The Encyclopedia Americana (1920)/Redwood of California
REDWOOD OF CALIFORNIA, the great cypress-like forest tree (Sequoia sempervirens) of the Pacific Coast. It is of the same genus with the big trees (S. gigantea), botanically described under Sequoia; the latter occurs in scattered groups on the west slope of the Sierra Nevada, while the redwood forms dense forests on the west slopes of the Coast Range, where it forms the most important timber resource of the State. The forests were thoroughly studied by the government bureau of forestry in 1902, whose report furnishes the following facts: The redwood is popularly thought to occupy a strip of country 10 to 30 miles wide, from the Oregon line to the Bay of Monterey, but these boundaries do not cover its actual distribution. Two thousand acres of redwood exist in Oregon along the Chetco River. South of the Chetco a continuous redwood belt begins, and increases its width from 10 miles, at Del Norte County, to 18 or 20 miles, and keeps on unbroken to southern Humboldt County. Here is a break, but in Mendocino County the belt becomes dense again, and widens out to 35 miles. South of that county the tree grows in isolated patches as far south as the Santa Lucia Mountains.
The climate and topography that have brought about this limited distribution of the redwood deserve attention. North and south along the coast, in nearly parallel ridges, lie the mountains of the Coast Range, steep and rising to altitudes of 1,000 to 2,000 feet. A few large rivers and many smaller streams cut through them to enter the sea, and along their courses in places are broad bottom lands and gentle slopes. West of the Coast Range the climate is even and moderate, with a range from just below freezing to 80° F., and a yearly average of from 50° to 60°. Snow lies on the tops of only the highest ridges. Thirty to 60 inches of rain falls in the autumn and winter, and in the summer sea fog bathes the coast. But east of the mountains, less than 50 miles from the sea, lie hot interior valleys, never visited by the fog, parched and rainless in the summer, and wet only occasionally by the winter rains — conditions too unfavorable to permit the growth of the redwood. The forest may be considered in two types — the “slope” and the “flat.” The common type is the “slope” — that is, the growth on the steep sides of the Coast Range, which is a mixture of redwood, red fir, tanbark oak and white fir, with an occasional madroña or hemlock. As the slopes become moderate, the altitude lower, the soil deeper and the water supply better, the redwood steadily gains on the other kinds and the forest becomes denser, until on the rich flats and in the gulches the second type is developed; on the best redwood “flats” no other tree grows.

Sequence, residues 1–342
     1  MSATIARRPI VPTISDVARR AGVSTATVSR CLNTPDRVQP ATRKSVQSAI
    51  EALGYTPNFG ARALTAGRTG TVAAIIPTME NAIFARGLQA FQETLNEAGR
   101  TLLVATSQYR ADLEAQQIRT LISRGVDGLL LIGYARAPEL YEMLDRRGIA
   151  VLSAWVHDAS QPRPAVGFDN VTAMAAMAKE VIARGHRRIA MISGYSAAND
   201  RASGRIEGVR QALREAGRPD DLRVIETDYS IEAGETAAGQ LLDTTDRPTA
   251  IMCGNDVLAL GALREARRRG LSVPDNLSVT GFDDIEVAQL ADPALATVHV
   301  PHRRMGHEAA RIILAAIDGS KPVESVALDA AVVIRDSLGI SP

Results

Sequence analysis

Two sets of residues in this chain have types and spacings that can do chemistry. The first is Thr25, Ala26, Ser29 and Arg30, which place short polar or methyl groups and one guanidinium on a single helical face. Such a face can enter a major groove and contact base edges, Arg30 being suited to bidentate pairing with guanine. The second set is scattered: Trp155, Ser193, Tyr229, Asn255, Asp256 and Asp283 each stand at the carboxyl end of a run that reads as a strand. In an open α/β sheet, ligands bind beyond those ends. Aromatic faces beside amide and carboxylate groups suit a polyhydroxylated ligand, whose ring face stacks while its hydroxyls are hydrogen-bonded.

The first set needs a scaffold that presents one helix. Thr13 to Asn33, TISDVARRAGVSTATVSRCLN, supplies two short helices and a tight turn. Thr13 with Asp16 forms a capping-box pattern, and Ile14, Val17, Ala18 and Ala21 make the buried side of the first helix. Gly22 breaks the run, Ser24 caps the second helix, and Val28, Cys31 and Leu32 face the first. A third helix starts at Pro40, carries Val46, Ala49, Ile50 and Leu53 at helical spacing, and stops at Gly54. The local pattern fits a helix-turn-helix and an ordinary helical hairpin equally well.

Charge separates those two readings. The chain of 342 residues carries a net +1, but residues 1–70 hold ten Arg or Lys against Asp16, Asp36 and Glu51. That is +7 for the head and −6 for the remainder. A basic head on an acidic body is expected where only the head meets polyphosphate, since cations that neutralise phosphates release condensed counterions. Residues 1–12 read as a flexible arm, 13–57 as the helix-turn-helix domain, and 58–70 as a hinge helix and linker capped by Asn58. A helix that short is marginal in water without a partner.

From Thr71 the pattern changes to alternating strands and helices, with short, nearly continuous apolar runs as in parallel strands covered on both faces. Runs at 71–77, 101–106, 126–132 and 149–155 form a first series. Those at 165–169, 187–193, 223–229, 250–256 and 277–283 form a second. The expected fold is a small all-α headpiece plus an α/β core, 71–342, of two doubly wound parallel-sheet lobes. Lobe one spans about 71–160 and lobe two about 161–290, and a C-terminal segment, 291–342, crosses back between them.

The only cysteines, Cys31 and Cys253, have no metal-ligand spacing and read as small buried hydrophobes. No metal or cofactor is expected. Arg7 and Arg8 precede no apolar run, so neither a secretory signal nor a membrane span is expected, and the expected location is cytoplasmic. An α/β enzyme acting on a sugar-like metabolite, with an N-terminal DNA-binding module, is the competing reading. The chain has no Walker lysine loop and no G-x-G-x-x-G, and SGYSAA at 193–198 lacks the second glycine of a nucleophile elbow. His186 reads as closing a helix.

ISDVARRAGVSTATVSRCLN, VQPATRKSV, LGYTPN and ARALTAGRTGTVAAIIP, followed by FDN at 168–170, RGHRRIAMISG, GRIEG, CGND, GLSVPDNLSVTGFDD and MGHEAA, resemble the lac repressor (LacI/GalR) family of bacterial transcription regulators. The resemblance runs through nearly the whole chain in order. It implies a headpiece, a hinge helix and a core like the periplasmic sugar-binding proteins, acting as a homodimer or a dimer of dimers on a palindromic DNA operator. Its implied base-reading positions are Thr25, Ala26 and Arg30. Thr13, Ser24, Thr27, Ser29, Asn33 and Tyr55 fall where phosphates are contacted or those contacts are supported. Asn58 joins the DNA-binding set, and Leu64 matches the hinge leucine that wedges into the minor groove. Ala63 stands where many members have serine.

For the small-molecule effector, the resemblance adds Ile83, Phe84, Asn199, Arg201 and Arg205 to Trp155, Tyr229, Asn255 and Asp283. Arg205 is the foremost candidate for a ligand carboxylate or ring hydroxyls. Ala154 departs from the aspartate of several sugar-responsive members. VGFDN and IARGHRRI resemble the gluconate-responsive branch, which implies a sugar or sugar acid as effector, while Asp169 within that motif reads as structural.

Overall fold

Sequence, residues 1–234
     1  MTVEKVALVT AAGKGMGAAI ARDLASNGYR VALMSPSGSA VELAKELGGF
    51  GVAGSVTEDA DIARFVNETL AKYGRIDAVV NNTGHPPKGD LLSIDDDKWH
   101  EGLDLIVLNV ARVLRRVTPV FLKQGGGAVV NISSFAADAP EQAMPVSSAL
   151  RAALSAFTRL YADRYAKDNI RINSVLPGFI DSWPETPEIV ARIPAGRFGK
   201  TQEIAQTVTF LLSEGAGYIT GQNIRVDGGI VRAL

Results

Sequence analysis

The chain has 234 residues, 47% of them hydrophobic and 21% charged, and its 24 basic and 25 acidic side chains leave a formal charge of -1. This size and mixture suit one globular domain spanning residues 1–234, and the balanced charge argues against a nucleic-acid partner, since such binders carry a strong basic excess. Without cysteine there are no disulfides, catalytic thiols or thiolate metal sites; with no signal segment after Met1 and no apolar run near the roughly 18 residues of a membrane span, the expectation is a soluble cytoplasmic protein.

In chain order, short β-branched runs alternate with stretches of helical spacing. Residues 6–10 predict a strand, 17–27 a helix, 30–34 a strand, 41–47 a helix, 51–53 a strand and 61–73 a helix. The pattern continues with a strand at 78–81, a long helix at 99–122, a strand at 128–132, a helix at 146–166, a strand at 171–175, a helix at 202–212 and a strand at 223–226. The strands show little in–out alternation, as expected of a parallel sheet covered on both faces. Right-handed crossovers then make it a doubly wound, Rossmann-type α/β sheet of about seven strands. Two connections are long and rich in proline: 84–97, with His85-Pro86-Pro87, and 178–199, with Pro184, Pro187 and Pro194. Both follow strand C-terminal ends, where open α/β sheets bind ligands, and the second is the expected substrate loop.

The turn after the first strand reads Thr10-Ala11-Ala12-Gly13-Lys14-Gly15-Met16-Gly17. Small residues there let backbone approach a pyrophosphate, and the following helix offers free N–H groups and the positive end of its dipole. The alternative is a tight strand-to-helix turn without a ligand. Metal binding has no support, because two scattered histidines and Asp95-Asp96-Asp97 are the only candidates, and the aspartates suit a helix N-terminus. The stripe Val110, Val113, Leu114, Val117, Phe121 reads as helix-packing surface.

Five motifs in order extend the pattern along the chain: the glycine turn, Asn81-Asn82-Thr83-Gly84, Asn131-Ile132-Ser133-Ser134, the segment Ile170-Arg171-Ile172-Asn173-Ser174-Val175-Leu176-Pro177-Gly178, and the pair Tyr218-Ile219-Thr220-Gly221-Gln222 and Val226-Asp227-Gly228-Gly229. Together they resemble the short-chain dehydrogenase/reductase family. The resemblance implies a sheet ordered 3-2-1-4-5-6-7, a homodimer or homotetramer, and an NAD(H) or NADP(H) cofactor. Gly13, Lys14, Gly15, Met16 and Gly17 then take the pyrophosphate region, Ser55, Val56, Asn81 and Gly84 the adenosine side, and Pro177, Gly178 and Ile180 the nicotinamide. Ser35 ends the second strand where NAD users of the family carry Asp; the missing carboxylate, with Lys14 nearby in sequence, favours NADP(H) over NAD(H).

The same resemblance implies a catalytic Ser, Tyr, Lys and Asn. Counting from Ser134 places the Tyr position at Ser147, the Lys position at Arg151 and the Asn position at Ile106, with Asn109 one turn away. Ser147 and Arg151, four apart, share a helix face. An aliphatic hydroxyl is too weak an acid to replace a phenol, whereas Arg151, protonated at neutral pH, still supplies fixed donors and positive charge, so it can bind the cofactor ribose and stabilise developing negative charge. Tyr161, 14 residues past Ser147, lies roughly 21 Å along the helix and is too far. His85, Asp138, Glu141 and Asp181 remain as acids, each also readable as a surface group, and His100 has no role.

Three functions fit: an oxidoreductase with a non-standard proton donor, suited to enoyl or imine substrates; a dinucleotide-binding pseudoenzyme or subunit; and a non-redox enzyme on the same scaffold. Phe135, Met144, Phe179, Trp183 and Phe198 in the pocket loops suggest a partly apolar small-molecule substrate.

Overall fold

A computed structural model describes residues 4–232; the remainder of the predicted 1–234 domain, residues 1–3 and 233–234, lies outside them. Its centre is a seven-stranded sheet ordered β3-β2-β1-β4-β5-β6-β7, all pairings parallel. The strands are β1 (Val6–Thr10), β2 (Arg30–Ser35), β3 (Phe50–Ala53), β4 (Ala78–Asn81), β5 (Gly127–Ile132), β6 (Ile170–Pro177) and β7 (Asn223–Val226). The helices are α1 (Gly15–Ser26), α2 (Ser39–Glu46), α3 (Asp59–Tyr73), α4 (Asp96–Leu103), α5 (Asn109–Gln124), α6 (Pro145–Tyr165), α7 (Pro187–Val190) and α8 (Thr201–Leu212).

The redwood grows to a greater height than any other American tree, but in girth and in age it is exceeded by the big trees of the Sierras. On the slopes 225 feet is about the maximum height and 10 feet its greatest diameter, while on the flats, under better conditions, it grows to be 350 feet high, with a diameter of 20 feet, and occasional giants exceed this. Most of the redwoods cut are from 400 to 800 years old. After the tree has passed the age of 500 years it usually begins to die down from the top and to fall off in growth. The oldest tree scientifically examined began life 531 A. D. The tree, when normal, has a straight, slightly tapered bole, clear for more than 100 feet, and a crown of horizontal branches that may occupy from a third to a half of its total length. The roots strike downward at a sharp angle, and are so large and so numerous as to form a compact mass of wood, in shape like an inverted funnel. The bark of the tree offers such a remarkable resistance to fire that except under great heat it is not combustible. It is of a reddish-gray color, fibrous in texture, and gives to full-grown trees a fluted appearance. The tree, however, assumes many shapes.
The redwood requires little of the soil except that it be moist, and those trees in a gully or along a creek are larger than their neighbors on the ridges. It is, however, so dependent on moisture of the air that this factor mainly or wholly determines its distribution, and the eastern limits of the forests are determined by the distance inland to which the sea fogs may drift.
The enemies of the redwood are few, and it suffers from them less than other trees. “The wind,” remarks Fisher, “can scarcely uproot it, insects seem to do it little harm, and fungi seldom affect it. Even fire, the great enemy of all trees, though it may occasionally kill whole stands of young redwood growth, is unable to penetrate the fireproof sheathing of shaggy bark with which the old trees protect themselves.” A large area of redwood forest in Santa Cruz County has been reserved as a national forest-park.
Reproduction. — The redwood forest consists of a mixture of trees of widely varying type, and keeps itself stocked by reproduction under its own shade. Seeds grow up very seldom, the seed itself seeming to have little vitality and the opportunities for its germination being rarely present, because it demands plentiful light. Hence new growth is almost exclusively by suckers, which supported and nourished by full-grown roots and stems, thrive under shade in which seedlings would wither. They thus survive and grow slowly, with little or no sun, until an old tree falls, lets in the light and they shoot up in rings about the stump into strong young trees. In 30 years, under favorable conditions, trees will result 16 inches in diameter and 80 feet high; and it is certain that it will be profitable to hold cut-over redwood lands for future crops. This second-growth timber has not the density and fine quality of the original, but is useful for many purposes, and large quantities have already been utilized.